I replaced my pickup coils by cutting off the the connector of both the new and old ones, pulled the old wires out twards the stator side, and fed new ones in from stator side to outside. once wires fed back through the gromet I then soldered the connector back on.

BE VERY CAREFUL TO GET THE COLOR STRIPES CORRECT OR THE ENGINE WON"T RUN RIGHT IF AT ALL.
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post #7 of 9 (permalink) Old 02-20-2016, 07:49 PM Thread Starter
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Hi slimvulcanrider,

Can you please explain how you managed to push the wire in through the grommet from inside the stator cover without removing the engine? I mean, I see the big rotor pulley where the wires exits from the grommet inside of the stator cover and connects to the 2 pickup coils. My grommet is a factory one and it just doesn't look like I can push/pull any of the wires through them without fully removing the stator cover. I just don't have the cash now to replace the pick up coils and want to assemble the engine back with a new stator.

Do you think the wire and coil replacement can be done without removing the engine if I decided to do this whenever they fail?

Thanks!
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post #8 of 9 (permalink) Old 02-20-2016, 10:47 PM
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Quote:
Originally Posted by AMH View Post
Hi slimvulcanrider,

Can you please explain how you managed to push the wire in through the grommet from inside the stator cover without removing the engine? I mean, I see the big rotor pulley where the wires exits from the grommet inside of the stator cover and connects to the 2 pickup coils. My grommet is a factory one and it just doesn't look like I can push/pull any of the wires through them without fully removing the stator cover. I just don't have the cash now to replace the pick up coils and want to assemble the engine back with a new stator.

Do you think the wire and coil replacement can be done without removing the engine if I decided to do this whenever they fail?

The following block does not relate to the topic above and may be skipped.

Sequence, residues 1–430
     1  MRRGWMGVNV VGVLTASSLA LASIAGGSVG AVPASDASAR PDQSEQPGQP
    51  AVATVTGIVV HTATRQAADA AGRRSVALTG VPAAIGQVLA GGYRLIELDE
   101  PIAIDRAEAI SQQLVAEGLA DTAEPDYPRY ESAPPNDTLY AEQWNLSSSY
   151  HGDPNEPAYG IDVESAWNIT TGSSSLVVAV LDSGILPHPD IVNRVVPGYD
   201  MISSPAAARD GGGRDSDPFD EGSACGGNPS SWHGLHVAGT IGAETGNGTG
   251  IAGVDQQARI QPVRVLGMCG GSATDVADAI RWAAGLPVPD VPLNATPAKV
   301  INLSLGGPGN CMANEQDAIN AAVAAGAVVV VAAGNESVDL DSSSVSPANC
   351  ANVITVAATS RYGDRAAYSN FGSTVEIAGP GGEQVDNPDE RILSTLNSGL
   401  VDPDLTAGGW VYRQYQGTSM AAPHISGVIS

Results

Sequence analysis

Thanks!
i replaced mine without pulling the motor, I just cut the wires and soldered them and covered with heat shrink.

NOTE NOTE NOTE!!!! I did this VERY carefully with rags stuffed between where i was soldering and the engine as to not drop solder into the crank case...

delicate and time consuming but easier than a second engine pull.

this was the hacked job i found once i opened the cover and removed some electrical tape.

Don't make yours look like this



make yours look more like this (sorry for the bad photography but i was anxious to hit the road for a ride that day.)


2000 ZRX1100 - Mad Max Black, and faster than I care to go.
1995 Vulcan 750 Bobberish project. - SOLD

"There are two opinions in this world MINE, and the wrong one. . . " - Jeremy Clarkson

Last edited by IceCold4x4; 02-20-2016 at 10:50 PM.
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post #9 of 9 (permalink) Old 02-21-2016, 12:52 AM
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Quote:
Originally Posted by AMH View Post
Hi slimvulcanrider,

Can you please explain how you managed to push the wire in through the grommet from inside the stator cover without removing the engine? I mean, I see the big rotor pulley where the wires exits from the grommet inside of the stator cover and connects to the 2 pickup coils. My grommet is a factory one and it just doesn't look like I can push/pull any of the wires through them without fully removing the stator cover. I just don't have the cash now to replace the pick up coils and want to assemble the engine back with a new stator.

Do you think the wire and coil replacement can be done without removing the engine if I decided to do this whenever they fail?

Thanks!
by doing exactly this
Quote:
Originally Posted by IceCold4x4 View Post
i replaced mine without pulling the motor, I just cut the wires and soldered them and covered with heat shrink.

NOTE NOTE NOTE!!!! I did this VERY carefully with rags stuffed between where i was soldering and the engine as to not drop solder into the crank case...

delicate and time consuming but easier than a second engine pull.

this was the hacked job i found once i opened the cover and removed some electrical tape.

Don't make yours look like this



make yours look more like this (sorry for the bad photography but i was anxious to hit the road for a ride that day.)